- bookmarkDataWithOptions:includingResourceValuesForKeys:relativeToURL:error:

Documentation states:

This method returns bookmark data that can later be resolved into a URL object for a file even if the user moves or renames it (if the volume format on which the file resides supports doing so).

My question is, how can I query if a volume supports this feature?

From trial and error it seems only (internal?) hard drives support it, but I am looking for some kind of sure test like a NSURLVolumeSupports???Key.

NSURLVolumeSupportsPersistentIDsKey looks like a good candidate, but I failed to find any docs or google-info about it. Any hints?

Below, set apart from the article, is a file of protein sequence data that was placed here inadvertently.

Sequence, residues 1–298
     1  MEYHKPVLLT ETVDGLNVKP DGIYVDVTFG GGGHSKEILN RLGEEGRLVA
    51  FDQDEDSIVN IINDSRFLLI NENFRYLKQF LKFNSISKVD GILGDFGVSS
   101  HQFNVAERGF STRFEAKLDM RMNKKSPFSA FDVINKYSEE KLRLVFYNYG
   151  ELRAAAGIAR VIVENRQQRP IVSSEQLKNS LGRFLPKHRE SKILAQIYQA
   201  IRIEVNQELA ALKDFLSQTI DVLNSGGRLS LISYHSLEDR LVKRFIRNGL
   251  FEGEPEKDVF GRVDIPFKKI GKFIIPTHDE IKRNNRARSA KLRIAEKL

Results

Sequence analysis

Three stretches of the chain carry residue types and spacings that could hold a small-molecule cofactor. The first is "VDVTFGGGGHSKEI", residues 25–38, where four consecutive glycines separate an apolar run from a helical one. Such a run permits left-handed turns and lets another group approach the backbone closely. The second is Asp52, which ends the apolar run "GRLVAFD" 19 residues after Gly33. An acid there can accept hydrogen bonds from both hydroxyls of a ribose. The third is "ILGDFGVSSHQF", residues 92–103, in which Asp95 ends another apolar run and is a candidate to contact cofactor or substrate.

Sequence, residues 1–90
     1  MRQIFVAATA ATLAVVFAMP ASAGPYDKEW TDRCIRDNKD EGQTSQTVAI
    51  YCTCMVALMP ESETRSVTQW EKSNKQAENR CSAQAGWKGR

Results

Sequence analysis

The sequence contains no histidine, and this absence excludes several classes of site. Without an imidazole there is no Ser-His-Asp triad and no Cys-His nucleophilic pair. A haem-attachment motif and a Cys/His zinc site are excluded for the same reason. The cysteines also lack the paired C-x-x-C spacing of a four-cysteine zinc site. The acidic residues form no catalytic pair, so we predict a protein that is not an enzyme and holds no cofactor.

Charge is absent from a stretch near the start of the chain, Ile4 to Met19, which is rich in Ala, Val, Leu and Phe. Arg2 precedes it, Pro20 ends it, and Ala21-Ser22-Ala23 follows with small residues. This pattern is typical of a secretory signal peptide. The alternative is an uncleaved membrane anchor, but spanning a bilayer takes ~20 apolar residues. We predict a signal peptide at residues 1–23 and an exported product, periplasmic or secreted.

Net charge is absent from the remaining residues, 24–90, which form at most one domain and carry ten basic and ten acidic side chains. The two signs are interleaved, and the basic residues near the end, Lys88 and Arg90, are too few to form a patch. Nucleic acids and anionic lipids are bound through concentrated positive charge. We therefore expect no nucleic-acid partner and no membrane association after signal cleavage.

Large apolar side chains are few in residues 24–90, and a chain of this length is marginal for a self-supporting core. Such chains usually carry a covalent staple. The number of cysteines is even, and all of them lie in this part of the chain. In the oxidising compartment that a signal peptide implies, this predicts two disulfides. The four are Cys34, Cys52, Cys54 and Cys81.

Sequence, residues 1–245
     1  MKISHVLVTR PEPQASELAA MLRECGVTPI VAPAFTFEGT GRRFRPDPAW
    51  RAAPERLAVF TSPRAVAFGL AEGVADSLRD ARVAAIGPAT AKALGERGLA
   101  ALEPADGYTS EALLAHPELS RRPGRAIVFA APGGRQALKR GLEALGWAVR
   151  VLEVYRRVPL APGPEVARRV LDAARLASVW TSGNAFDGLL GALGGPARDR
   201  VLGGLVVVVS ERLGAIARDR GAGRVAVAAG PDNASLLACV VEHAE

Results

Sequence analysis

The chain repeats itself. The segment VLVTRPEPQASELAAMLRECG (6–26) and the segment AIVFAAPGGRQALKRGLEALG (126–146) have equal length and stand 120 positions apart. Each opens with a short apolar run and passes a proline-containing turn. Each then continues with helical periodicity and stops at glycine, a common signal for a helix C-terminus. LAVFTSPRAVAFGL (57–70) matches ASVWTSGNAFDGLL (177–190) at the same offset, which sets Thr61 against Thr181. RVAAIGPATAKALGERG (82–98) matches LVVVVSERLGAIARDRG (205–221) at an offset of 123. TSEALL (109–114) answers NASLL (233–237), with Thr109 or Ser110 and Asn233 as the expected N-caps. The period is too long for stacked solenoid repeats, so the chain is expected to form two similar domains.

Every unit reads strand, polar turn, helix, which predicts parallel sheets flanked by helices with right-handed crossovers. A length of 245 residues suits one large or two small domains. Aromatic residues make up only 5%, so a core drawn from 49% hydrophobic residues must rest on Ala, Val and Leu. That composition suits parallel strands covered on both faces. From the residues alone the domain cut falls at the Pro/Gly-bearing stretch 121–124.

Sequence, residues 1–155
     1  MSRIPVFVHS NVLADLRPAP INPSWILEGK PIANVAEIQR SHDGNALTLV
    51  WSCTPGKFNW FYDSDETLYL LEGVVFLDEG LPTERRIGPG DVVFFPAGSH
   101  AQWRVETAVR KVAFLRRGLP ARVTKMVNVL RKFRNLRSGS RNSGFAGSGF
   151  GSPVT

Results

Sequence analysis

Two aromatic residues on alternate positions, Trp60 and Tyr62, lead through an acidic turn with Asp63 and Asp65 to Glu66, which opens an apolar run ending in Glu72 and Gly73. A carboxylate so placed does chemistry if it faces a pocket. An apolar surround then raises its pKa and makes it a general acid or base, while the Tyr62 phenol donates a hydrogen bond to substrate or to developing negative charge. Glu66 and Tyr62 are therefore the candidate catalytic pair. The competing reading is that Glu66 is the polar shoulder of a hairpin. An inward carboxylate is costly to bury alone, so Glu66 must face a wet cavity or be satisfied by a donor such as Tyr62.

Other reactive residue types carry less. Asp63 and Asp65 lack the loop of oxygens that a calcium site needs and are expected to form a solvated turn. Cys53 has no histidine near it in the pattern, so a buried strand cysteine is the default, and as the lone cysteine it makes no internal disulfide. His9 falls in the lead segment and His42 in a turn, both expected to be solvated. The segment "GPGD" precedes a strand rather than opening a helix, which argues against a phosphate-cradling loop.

1 Answer 1


It definitely sounds like the NSURLVolumeSupportsPersistentIDsKey would apply.

Following the hints in this forum thread here (archived version here), the documentation for the VOL_CAP_FMT_PERSISTENTOBJECTIDS volume capability flag (from man getattrlist(2)) says:

If this bit is set the volume format supports persistent object identifiers and can look up file system objects by their IDs. See ATTR_CMN_OBJPERMANENTID for details about how to obtain these identifiers.

and the common attribute ATTR_CMN_OBJPERMANENTID documentation says

An fsobj_id_t structure that uniquely and persistently identifies the file system object within its volume; persistence implies that this attribute is unaffected by mount/unmount operations on the volume. Some file systems can not return this attribute when the volume is mounted read-only and will fail the request with error EROFS. (e.g. original HFS modifies on disk structures to generate persistent identifiers, and hence cannot do so if the volume is mounted read only.)

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